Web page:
Ruckus Reading List: Spring 2019

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Find out what your local art writers are reading.

dispatches journal
Ed. Gean Moreno and Natalia Zuluaga

In dispatches, editors Gean Moreno and Natalia Zuluaga (2019 Great Meadows Foundation Critic-in-Residence) have created a space for hearty discourse about climate, ecology, commerce, postcolonialism, and the ways these issues can be examined through visual culture. For artists and others immersed in the art world, the conflict between art as a tool of resistance and its commodification by structures of power is troubling, sometimes to a point of hopelessness. The answer is not to retreat but to read, discuss, and find more allies! I was especially captivated by Irmgard Emmelhainz’ “Aesthetic Materialism under Absolute Capitalisms.” The journal is free, bilingual, and offers viewers a format in which they can easily print articles if they so choose.
-Mary Clore

Whitechapel: Documents of Contemporary Art
Series ed. Iwona Blazwick

I’m kind of cheating by selecting a series, but I’ve found these books to be indispensable while researching. Each publication consists of a series of essays on a particular topic as it relates to contemporary art, with entries ranging from materiality to destruction to appropriation to failure. In order to enrich my own artistic practice, I’m currently reading through Time (edited by Amelia Groom).
-Kevin Warth

Art and Labor Podcast
O.K. Fox and Lucia Love

Fox and Love bring contagious enthusiasm and humor into their conversations on labor practices, which are often left out of mainstream art discourse. The description on the podcast’s website states, “We hope to center the human cost of the ‘art world’ and advocate for fair labor practices for artists, assistants, fabricators, docents, interns, registrars, janitors, writers, editors, curators, guards, performers, and anyone doing work for art & cultural institutions.” The assumption that artists should be willing to suffer for their art seems to extend to all corners of the industry, stretching to include anyone who cares about the way art is seen. Some of my favorite episodes feature interviews with organizers from two institutions that have made headlines with their recent unionization: MoMA PS1 and the New Museum.
-Mary Clore

Artificial Hells: Participatory Art and the Politics of Spectatorship
Claire Bishop

Artificial Hells is a deep dive into contemporary social practice art (simplified to “Participatory Art” by Bishop), and the challenges faced by audiences, institutions, and critics when interpreting the value of such works. Bishop does not diminish the potential of this kind of work (the potential for community or aesthetic gains). Instead, she positions the inclination to view these works as inherently more ethical than “normal” art to be problematic, and demonstrates how everything from art history to government policy leads us to these inclinations without always being aware of it. At a time when many artistic institutions are looking for their soul, Artificial Hells raises essential questions about the role and value of aesthetics in society.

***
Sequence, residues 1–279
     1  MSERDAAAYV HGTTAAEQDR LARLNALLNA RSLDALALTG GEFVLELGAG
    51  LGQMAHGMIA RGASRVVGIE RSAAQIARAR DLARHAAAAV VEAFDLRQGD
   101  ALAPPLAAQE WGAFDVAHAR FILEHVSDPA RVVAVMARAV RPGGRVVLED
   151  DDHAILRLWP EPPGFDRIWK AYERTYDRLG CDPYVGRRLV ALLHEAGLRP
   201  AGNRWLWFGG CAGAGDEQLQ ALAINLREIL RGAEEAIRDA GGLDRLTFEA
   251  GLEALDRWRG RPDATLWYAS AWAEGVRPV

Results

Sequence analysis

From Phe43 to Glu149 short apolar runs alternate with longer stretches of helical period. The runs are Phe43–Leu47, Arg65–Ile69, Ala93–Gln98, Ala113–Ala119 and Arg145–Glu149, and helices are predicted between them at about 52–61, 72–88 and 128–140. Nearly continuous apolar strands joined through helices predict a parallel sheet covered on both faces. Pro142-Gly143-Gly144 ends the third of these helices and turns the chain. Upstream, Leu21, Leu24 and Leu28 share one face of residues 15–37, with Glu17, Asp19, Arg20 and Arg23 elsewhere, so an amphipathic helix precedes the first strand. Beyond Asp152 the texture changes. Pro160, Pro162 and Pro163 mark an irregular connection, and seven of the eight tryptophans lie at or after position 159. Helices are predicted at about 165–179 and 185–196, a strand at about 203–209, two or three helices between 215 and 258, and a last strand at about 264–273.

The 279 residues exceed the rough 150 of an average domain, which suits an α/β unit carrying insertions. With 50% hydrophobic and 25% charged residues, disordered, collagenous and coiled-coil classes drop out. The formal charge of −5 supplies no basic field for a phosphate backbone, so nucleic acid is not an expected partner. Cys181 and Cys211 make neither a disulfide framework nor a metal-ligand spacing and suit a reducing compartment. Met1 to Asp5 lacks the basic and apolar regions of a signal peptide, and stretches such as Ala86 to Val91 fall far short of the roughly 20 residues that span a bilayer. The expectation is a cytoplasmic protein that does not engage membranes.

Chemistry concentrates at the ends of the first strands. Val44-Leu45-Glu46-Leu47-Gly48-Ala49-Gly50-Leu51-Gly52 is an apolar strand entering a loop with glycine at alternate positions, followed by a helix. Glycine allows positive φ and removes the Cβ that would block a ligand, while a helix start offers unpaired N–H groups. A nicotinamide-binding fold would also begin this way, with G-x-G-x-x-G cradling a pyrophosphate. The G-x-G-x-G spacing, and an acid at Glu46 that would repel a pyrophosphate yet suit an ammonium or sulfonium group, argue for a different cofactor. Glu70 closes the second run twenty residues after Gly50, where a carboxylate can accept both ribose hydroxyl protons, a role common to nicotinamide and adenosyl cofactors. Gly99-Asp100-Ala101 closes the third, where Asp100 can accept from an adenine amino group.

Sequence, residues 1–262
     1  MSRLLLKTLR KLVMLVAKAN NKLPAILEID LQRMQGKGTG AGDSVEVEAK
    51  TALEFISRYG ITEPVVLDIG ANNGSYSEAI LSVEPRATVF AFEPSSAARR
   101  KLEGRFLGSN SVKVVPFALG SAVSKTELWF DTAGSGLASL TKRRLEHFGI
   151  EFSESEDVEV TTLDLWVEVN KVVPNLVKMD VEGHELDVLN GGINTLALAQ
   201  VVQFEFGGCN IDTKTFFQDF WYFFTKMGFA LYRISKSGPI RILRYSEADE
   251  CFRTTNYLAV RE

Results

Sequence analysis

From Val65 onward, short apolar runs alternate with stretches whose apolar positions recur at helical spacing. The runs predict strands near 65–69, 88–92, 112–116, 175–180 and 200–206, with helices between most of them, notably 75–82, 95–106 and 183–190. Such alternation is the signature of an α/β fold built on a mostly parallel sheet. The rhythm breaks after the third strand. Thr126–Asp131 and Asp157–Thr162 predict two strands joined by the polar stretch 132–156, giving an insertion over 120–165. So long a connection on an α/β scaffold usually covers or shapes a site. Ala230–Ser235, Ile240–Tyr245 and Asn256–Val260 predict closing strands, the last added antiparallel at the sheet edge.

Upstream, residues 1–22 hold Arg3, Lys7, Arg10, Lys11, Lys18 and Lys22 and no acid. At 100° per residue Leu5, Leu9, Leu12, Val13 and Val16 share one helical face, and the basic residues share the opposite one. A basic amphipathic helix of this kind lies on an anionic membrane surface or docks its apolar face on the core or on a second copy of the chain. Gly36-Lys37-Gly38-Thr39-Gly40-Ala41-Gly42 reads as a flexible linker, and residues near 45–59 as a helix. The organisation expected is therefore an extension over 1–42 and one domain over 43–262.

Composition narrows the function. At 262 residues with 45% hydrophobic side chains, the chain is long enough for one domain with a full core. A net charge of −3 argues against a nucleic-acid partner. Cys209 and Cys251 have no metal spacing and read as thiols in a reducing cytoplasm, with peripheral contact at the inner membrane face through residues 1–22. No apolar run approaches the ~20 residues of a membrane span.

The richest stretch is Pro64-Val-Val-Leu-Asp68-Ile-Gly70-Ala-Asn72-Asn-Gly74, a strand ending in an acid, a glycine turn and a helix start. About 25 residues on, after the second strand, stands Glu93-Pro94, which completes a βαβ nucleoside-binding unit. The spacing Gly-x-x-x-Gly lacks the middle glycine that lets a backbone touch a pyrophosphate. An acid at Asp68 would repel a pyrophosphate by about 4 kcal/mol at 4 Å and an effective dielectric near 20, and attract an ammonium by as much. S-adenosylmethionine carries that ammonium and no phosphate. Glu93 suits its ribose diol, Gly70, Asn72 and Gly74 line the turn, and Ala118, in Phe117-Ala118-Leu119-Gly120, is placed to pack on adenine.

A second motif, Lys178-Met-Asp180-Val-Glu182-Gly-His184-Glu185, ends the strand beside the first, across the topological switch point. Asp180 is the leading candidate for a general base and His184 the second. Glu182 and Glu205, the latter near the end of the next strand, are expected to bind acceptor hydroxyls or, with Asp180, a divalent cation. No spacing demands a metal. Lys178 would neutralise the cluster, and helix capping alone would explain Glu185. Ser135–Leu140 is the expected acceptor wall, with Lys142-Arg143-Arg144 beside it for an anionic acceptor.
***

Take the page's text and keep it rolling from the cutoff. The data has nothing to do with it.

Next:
-L Autumn Gnadinger

The Queer Art of Failure
Jack Halberstam

I’d be remiss to not include any queer content on my list! Queer theory can be impenetrable at first blush, but Halberstam writes in a concise, accessible way so that anyone can pick up one of his books. In The Queer Art of Failure, Halberstam proposes alternate modes of thinking and being that undermine heteronormative definitions of success. He identifies these moments in close textual analyses of art and media, perhaps most delightfully in inane films such as Finding Nemo, Dude, Where’s My Car?, and Chicken Run. The closing sentences summarize the book most effectively: “To live is to fail, to bungle, to disappoint, and ultimately to die; rather than searching for ways around death and disappointment, the queer art of failure involves the acceptance of the finite, the embrace of the absurd, the silly, and the hopelessly goofy. Rather than resisting endings and limits, let us revel in and cleave to all of our own inevitable fantastic failures.”
-Kevin Warth